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Community Commentary: Fairgrounds play a big role in kids’ lives

Now that the 4th District Court of Appeal has decided to stop the sale of the Orange County Fair & Event Center, let’s hope the adults will quit fighting over the future of the fairgrounds so we can get back to what we do best: provide great educational programs for the kids.

Amid all the noise, I’ve thought a lot about the hundreds of thousands of Orange County kids who have visited the fairgrounds over the years. I’ve thought about the brand new worlds in agriculture, livestock, science and art they’ve experienced. And I’ve imagined how their experiences might have shaped their academic interests and career choices.

I’ve also wondered about today’s kids who might have fewer chances — or perhaps none at all — to experience the fairgrounds and its programs if the property were to be sold. The truth is that the fairgrounds is much more than a 150-acre piece of land property; it’s a year-round classroom, laboratory, working farm and arts center.

There’s Centennial Farm — a 3-acre working farm that’s home to the Millennium Barn, extensive fruit and vegetable gardens, and a variety of livestock including pigs, chickens, goats and cattle. Supported by an annual allocation of nearly $1 million by the fairgrounds’ board of directors, Centennial Farm is the educational heart of the fairgrounds, providing much needed agriculture education to the public, with an emphasis on children.


Since 2002, Centennial Farm has hosted the Ranch After-School Program. This educational partnership that includes the fairgrounds, the Newport-Mesa Unified School District and the city of Costa Mesa provides fourth-, fifth- and sixth-grade students from College Park, Davis, Paularino and Sonora schools hands-on experience in growing vegetables and fruit, caring for livestock and fashioning handmade crafts from leather. More than 600 youngsters have participated in the program, sharing their experiences and what they’ve learned through essays and posters at the program’s annual awards celebration.

Centennial Farm also provides year-round docent and self-guided tours and is the home of our widely popular Youth Expo, Pet Expo and “Agademics” program. Over the last 10 years, nearly a quarter of a million adults and children have participated in these and other events and programs at Centennial Farm.

In addition to the board of directors’ annual allocation of non-taxpayer dollars, the many outstanding educational programs offered at Centennial Farm are supported by the Centennial Farm Foundation. Established in 1991, the foundation was organized to raise funds to operate Centennial Farm and other agricultural and youth related education programs and exhibits at the fairgrounds. Each year, more than 100,000 kids visit Centennial Farm from throughout Southern California’s seven counties and beyond — all at no cost to the children or their schools.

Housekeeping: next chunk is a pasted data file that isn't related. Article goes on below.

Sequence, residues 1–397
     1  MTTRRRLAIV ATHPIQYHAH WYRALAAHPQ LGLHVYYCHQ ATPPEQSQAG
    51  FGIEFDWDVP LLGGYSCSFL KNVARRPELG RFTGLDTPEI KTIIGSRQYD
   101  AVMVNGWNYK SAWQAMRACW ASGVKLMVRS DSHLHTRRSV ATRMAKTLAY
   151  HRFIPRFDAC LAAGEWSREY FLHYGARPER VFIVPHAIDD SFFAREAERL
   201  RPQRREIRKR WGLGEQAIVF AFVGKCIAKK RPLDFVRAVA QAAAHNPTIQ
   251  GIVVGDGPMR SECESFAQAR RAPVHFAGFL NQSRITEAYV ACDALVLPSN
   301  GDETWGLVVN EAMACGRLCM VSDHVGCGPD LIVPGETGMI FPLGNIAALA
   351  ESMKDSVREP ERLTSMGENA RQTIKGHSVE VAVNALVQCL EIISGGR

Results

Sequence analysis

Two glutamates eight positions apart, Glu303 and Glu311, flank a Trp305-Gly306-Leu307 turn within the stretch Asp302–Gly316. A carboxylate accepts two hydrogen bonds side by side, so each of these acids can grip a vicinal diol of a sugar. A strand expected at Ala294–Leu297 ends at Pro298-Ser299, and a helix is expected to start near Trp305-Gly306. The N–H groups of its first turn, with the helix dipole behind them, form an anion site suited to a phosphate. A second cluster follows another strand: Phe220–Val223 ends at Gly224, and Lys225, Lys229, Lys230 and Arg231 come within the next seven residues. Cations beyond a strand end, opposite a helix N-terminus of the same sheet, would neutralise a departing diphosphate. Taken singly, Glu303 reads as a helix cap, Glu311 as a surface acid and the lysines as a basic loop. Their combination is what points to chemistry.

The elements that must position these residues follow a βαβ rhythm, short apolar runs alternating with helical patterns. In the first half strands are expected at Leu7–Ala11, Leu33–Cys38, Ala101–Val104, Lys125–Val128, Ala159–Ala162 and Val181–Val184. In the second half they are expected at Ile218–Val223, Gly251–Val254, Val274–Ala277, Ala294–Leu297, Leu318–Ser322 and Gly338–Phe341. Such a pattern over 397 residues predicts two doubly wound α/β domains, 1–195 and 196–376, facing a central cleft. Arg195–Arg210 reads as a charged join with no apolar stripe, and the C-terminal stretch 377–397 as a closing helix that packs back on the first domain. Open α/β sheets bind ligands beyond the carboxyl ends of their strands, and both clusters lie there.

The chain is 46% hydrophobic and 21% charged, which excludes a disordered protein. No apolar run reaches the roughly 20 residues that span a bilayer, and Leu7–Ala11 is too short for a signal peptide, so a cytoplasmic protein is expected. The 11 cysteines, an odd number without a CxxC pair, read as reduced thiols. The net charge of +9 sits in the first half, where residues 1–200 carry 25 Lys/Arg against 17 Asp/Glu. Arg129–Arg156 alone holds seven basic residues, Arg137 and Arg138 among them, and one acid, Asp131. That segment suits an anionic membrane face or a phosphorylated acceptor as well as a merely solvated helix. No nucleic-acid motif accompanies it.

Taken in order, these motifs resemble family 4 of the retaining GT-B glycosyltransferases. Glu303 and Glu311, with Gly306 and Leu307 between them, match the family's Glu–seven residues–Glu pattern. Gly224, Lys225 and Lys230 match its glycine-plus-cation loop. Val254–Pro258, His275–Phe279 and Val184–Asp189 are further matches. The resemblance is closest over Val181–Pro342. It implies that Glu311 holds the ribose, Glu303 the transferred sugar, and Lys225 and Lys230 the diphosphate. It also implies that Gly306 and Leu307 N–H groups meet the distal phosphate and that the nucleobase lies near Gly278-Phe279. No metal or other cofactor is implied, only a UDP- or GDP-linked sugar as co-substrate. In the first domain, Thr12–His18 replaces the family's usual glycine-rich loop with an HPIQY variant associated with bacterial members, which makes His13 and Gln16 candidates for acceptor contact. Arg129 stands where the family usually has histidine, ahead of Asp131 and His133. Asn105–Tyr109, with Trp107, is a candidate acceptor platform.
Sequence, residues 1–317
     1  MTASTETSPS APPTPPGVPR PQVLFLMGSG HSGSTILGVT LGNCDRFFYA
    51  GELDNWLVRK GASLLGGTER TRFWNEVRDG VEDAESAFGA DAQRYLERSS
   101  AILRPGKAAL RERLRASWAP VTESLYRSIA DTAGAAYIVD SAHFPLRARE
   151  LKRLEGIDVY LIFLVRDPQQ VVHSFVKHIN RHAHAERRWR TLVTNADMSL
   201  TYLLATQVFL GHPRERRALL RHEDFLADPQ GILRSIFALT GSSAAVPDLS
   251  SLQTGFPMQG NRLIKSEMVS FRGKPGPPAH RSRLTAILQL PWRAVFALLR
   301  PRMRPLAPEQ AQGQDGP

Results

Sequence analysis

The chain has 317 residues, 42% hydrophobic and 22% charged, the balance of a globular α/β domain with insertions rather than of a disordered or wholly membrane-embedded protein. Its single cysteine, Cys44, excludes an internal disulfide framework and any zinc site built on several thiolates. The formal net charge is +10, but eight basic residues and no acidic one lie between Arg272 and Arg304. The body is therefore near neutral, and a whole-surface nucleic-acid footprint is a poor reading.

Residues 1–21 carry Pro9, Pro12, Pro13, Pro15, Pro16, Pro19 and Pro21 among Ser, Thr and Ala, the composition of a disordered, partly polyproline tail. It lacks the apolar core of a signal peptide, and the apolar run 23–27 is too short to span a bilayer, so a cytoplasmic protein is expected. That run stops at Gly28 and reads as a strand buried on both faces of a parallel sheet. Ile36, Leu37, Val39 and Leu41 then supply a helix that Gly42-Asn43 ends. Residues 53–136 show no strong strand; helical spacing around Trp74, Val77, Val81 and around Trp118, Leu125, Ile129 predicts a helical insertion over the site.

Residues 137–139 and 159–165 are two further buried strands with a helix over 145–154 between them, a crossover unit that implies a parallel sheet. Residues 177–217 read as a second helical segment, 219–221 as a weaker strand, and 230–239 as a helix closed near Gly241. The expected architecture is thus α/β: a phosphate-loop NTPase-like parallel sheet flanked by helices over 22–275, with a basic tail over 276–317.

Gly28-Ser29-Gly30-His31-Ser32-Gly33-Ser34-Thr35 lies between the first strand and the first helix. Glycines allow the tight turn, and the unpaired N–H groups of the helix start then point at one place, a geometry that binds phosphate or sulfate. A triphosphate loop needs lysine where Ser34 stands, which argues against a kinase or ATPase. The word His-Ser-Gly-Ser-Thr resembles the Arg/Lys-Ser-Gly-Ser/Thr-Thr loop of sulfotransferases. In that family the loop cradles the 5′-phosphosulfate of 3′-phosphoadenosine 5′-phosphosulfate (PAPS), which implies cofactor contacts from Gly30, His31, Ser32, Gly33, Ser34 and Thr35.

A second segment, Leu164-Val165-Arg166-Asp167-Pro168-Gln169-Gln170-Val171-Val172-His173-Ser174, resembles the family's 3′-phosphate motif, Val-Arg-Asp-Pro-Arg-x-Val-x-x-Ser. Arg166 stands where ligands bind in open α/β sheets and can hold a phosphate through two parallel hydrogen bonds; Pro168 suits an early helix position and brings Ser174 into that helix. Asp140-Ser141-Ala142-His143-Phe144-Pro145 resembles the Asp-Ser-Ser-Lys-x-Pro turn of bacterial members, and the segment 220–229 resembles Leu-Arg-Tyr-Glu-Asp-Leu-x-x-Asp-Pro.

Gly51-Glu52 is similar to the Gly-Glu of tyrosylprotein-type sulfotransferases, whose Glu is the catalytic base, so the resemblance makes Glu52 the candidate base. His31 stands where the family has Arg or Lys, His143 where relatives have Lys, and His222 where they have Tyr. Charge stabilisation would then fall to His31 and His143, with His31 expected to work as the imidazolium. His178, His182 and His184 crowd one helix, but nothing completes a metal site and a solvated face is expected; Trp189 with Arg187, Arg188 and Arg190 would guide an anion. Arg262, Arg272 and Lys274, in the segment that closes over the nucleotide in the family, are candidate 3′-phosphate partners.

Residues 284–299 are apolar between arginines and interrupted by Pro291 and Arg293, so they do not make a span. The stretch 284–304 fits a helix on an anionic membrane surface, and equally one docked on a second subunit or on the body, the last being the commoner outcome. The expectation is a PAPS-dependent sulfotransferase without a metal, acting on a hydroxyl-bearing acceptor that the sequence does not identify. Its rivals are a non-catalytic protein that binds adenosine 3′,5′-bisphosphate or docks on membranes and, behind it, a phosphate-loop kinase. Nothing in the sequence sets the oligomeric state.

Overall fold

Apart from the rich academic opportunities at Centennial Farm, the entire O.C. Fair & Event Center is a truly unique educational campus throughout the year. The annual Youth Expo features more than 6,000 school projects created by Orange County’s youth. The Crafts, Fine Arts, Science and Social Studies competition is recognized as the largest academic fair and competition of its kind in Orange County.


The Youth Expo is free to the student participants. Often, members of the board of directors personally underwrite bus transportation to the Youth Expo for school districts without the funds to do so. The Youth Expo also coincides with the annual Orange County Science & Engineering Fair (OCSEF), a nonprofit educational organization that has promoted the sciences in Orange County for more than 50 years. The OCSEF challenges students to inquire, design and investigate scientific and engineering concepts through experimentation.

GIRLtopia is a special art showcase for Girl Scouts in the ninth and 10th grades, presenting opportunities for girls to share their vision of an ideal world through the creation of art projects. The fairgrounds partners with Girl Scouts to provide a gallery showcase for their works at the Youth Expo.

But perhaps the O.C. Fair & Event Center’s deepest roots in fulfilling its mission to celebrate the agricultural heritage of Orange County are found in our partnership with the Orange County 4-H Council. The fairgrounds is home to the Orange County 4-H Council and is the venue for the numerous camps and activities of its 17 clubs, including the annual O.C. Fair 4-H Day Camp held during the O.C. Fair, and the ever-popular Junior Livestock Auction.

The Junior Livestock Auction is the showcase for the yearlong efforts of local 4-H youth and Future Farmers of America. Each of these valuable education programs is completely funded by revenues generated from the fairgrounds’ operations.

The history lesson here is that the O.C. Fair & Event Center — as a public entity — has shaped the lives and enriched the knowledge of generations of children who have visited its facilities and participated in its programs. I doubt that we could hope for a similar future under private ownership.

DAVID ELLIS is chairman of the 32nd District Agricultural Assn.'s Board of Directors. STEVEN BEAZLEY is president and chief executive of the OC Fair & Event Center in Costa Mesa.